* More Guns Mean Less Crime
* AIDS is Not Caused by HIV
* Sun Exposure is Beneficial
* Low Doses of Nuclear Radiation Are Beneficial
* The Solar System Has Two Suns
* Oil, Coal, and Gas Have Abiogenic Origins
* Time Travel is Possible
* Faster-than-Light Particles Exist
* There Was No Big Bang
The game here is that Ehrlich is not telling you in advance what his
conclusions were. He says he's tried to keep an open mind, and claims
that during his investigations he actually changed his mind about some
things (though he never says about what exactly).
So in this review I'm going to give you generalities first, and bury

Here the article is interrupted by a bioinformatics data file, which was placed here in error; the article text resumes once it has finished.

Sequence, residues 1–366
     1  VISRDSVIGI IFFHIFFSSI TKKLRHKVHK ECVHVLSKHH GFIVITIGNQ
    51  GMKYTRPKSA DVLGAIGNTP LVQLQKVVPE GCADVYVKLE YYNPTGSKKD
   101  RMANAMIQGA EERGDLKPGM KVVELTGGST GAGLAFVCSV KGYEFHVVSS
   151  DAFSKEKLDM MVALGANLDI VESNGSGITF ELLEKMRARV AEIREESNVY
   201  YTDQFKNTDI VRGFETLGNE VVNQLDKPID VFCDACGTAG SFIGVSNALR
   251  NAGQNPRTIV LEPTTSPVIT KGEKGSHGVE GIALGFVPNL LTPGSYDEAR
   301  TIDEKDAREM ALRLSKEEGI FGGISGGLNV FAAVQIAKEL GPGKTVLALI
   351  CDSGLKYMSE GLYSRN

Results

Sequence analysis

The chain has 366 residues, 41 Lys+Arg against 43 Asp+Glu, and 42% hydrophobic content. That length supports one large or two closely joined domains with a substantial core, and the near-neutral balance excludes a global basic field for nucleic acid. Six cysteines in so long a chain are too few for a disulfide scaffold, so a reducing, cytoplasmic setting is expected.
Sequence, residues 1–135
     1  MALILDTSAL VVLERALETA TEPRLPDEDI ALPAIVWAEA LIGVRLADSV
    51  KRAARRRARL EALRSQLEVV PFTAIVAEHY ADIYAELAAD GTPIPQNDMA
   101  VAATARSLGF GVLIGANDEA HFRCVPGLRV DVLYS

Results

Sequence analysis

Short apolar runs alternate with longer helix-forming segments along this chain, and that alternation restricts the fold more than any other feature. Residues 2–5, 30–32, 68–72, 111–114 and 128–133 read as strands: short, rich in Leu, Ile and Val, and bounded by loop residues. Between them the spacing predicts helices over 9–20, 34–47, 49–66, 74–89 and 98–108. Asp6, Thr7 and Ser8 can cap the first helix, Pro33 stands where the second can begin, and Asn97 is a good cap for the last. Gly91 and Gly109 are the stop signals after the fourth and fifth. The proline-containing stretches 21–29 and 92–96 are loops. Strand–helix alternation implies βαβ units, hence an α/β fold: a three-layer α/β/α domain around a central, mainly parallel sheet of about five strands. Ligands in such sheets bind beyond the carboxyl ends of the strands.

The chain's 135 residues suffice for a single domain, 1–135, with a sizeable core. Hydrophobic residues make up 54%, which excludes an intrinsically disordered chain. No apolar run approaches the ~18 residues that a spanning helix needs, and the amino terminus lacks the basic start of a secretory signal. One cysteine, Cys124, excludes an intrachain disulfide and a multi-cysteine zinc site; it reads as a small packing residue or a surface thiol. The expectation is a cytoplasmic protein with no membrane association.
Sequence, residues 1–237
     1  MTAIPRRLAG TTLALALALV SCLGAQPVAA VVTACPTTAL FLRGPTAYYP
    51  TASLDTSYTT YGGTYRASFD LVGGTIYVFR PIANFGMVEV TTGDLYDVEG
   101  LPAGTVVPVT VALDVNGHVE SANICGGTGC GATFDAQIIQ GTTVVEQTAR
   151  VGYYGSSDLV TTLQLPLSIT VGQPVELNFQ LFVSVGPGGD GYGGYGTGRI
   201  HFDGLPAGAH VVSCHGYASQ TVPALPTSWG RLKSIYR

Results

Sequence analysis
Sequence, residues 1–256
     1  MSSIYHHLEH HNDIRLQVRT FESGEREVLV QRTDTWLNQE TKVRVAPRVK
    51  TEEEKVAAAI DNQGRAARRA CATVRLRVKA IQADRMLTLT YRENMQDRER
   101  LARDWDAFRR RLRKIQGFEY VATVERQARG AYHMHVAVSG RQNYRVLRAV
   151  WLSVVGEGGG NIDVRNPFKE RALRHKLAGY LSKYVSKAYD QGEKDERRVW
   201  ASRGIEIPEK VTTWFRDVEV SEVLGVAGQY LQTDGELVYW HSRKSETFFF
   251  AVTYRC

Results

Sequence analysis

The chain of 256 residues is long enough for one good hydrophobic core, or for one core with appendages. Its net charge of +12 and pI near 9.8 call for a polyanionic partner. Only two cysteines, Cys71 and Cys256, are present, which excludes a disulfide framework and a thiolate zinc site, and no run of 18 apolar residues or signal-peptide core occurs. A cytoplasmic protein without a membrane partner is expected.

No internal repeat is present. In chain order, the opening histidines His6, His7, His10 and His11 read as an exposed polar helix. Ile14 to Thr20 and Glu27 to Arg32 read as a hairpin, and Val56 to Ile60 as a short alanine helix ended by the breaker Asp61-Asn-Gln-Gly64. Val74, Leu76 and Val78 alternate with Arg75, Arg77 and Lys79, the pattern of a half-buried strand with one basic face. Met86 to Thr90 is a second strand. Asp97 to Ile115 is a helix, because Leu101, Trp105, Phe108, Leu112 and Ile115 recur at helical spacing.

"the butler did it" type information after a SPOILER warning.
One of the problems with the execution of this work is that you can
pretty often tell when Ehrlich is enthusiastic about an idea just from
his general tone as he writes about it... and conversely, in
retrospect I think I should've been able to spot when he disagreed
with, because the writing in those chapters was a little confusing.
Part of his schtick is that at the end of each chapter he rates the
idea on a scale of 0 to 4 "cuckoos". Oddly enough I often find that I
strongly disagree with his cuckoo ratings even just based on the
evidence that he presents. But the absolute magnitude of my
disagreements are typically no more than a single "cuckoo".
I was worried about some of his evaluation criteria (see the
introduction available on-line as a sample chapter), because he